A short film titled The Landing centers around the mystery of a 1960s UFO crash.
The film’s synopsis describes, “A man returns to the Midwestern farm of his childhood on a desperate mission to unearth the horrifying truth of what landed there in the summer of 1960.”
The movie depicts a UFO crash, witnessed by a father and his son. When the father investigates the crash, he discovers the craft’s pilot still alive. He drags this pilot to the barn and imprisons him there.
The curious son secretly goes into the field where the craft crash-landed to discover the mysterious sphere that made its fiery arrival on Earth.
But, when he sneaks into the barn to catch a glimpse of the imprisoned pilot, the son discovers something completely unexpected.
The son discovers that the pilot of the UFO is a Soviet astronaut, not an extraterrestrial.
The Landing is more about Cold War paranoia during the space race than it is about UFOs. Still, it’s one of many stories that suggest Soviet spacecraft could potentially be responsible for some UFO sightings.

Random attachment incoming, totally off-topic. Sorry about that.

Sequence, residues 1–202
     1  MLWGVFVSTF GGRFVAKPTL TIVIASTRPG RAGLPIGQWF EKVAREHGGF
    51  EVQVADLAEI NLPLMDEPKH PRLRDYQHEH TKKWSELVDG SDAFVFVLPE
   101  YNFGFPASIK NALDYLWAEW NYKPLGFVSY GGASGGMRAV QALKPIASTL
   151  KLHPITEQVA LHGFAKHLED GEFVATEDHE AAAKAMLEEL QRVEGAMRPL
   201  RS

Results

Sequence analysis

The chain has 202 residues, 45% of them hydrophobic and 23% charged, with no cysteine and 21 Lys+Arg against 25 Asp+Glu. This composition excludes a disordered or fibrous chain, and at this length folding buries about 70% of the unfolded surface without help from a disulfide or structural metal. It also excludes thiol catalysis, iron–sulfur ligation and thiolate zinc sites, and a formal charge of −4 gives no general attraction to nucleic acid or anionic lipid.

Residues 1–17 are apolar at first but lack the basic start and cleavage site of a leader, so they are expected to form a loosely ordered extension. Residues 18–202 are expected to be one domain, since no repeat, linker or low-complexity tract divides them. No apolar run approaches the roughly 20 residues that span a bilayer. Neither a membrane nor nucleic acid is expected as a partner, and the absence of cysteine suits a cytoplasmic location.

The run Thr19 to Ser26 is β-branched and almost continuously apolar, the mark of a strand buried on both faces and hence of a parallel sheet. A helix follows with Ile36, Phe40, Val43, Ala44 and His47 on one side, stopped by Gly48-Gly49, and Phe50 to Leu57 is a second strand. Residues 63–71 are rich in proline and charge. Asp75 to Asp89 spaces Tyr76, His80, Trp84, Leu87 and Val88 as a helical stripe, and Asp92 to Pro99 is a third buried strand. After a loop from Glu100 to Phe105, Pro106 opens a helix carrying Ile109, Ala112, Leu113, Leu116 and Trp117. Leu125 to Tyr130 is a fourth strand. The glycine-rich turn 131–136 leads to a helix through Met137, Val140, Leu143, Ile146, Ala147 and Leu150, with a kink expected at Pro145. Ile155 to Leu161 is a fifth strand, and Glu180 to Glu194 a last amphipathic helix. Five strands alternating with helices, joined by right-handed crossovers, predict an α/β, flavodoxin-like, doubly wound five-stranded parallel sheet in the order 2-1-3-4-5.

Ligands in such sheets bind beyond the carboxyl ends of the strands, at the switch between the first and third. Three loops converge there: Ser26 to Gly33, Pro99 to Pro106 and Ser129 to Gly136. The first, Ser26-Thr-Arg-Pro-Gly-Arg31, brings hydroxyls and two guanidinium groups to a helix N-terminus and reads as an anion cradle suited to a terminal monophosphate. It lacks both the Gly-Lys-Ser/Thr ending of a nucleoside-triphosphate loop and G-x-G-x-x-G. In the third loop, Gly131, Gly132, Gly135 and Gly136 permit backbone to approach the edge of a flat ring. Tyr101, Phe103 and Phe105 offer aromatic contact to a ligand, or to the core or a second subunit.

An example of a recent story about Soviets and UFOs that received considerable media attention is a claim made in the book Area 51, an Uncensored History of America’s TOP SECRET Military Base by Los Angeles Times editor Annie Jacobsen. In this controversial book, Jacobsen asserts that, according to a source, what actually crashed in Roswell in 1947 was a craft sent to the U.S. by Josef Stalin to incite mass panic. And it was allegedly filled with mutilated children, courtesy of Josef Mengele.
The Landing was directed by Josh Tanner and produced by Australian production company Perception Pictures.